Enforcing a ban will not end the menace of stubble burning
22, Mar 2019
Prelims level : Pollution Control Mains level :
- Only educating farmers about the monetary costs of burning stubble can address the environmental crisis triggered every year. Burning stubble, the rice chaff left over after harvesting, is linked to winter air-pollution in the State as well as down-wind Delhi
- According to the team, the government’s efforts earmarking funds for specialised farming equipment (for straw management) or enforcing the state-led ban on the practice are unlikely to solve the problem.
- Farmer cooperative groups a key link between government and farmers ought to be playing a more active role in educating farmers, say key authors associated with the study.
What Is Stubble Burning?
- Stubble burning is, the act of removing paddy crop residue from the field to sow wheat.
- It’s usually required in areas that use the ‘combine harvesting’ method which leaves crop residue behind.
- It is mainly carried out in Haryana and Punjab.
- Open burning of husk produces harmful smoke that causes pollution. Open burning of husk is of incomplete combustion in nature. Hence large amount of toxic pollutants are emitted in the atmosphere. Pollutants contain harmful gases like Methane, Carbon Monoxide (CO), Volatile organic compound (VOC) and carcinogenic polycyclic aromatic hydrocarbons.
What is combine harvesting?
- Combines are machines that harvest, thresh i.e separate the grain, and also clean the separated grain, all at once.
- The problem, however, is that the machine doesn’t cut close enough to the ground, leaving stubble behind that the farmer has no use for.
- There is pressure on the farmer to sow the next crop in time for it to achieve a full yield. The quickest and cheapest solution, therefore, is to clear the field by burning the stubble.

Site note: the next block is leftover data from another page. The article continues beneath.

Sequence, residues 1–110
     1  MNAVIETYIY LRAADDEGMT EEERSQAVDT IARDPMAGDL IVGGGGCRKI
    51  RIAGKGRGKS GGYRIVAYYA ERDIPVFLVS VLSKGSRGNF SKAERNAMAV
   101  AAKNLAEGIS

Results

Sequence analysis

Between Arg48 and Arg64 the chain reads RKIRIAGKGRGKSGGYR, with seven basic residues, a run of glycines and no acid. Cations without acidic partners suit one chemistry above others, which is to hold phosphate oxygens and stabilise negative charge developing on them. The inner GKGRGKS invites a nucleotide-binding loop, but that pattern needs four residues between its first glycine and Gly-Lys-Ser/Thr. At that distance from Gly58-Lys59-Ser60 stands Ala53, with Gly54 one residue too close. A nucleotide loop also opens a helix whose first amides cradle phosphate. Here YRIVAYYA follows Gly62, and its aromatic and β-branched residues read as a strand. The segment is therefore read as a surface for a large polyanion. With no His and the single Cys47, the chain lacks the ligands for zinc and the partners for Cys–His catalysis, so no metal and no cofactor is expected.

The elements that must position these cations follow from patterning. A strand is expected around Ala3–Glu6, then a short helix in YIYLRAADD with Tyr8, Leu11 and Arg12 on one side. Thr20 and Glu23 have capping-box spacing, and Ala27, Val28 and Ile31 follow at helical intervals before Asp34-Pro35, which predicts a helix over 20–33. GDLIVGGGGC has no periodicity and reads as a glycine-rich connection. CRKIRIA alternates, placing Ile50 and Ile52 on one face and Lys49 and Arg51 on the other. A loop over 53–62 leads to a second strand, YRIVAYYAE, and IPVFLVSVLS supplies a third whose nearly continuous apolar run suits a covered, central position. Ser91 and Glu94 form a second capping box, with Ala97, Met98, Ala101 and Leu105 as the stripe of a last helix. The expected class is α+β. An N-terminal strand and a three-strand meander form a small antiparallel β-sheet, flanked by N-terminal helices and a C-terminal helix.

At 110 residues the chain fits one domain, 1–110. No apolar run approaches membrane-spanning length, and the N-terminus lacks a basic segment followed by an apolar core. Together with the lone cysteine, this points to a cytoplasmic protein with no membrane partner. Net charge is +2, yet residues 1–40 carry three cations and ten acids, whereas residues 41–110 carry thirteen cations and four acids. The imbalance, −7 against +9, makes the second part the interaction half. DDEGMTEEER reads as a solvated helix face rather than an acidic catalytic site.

Why do Farmers Burn?
- Cost Factor: The straw management equipment is costly and process is time consuming. Also, the cost of stubble management is not taken into account while determining the minimum support price (MSP).
- Increasing mechanization of agriculture: Stubble problem was not as severe when paddy was harvested manually because the farmers use to cut it as close to the ground as possible. Due to mechanization the crop residue that remains in the field is of larger quantity;
- Labour costs are very high now
- Combine harvester machines to tide over the labour scarcity- The machine appears to be the key reason behind the problem because it only reaps the grains, leaving stalks or stubble of around 40 cm. Those who want fodder have to get the stubble removed manually or use specialised machines to do the job. But that is costly. For every 0.4 ha of wheat crop, the cost of renting a combine harvester is just Rs 800. Once the machine has harvested, the cost of getting the stubble removed is Rs 3,500/ha.
- Time Factor: Delay in sowing means yield decline, this leaves very little time to clear the farm for sowing.
- Monoculture of wheat and paddy: In Andhra, bean gram and black gram are planted while rice stubble decomposes on its own.
- Unlike wheat stalks that are used as animal fodder, the paddy straw has high silica content that animals can’t digest.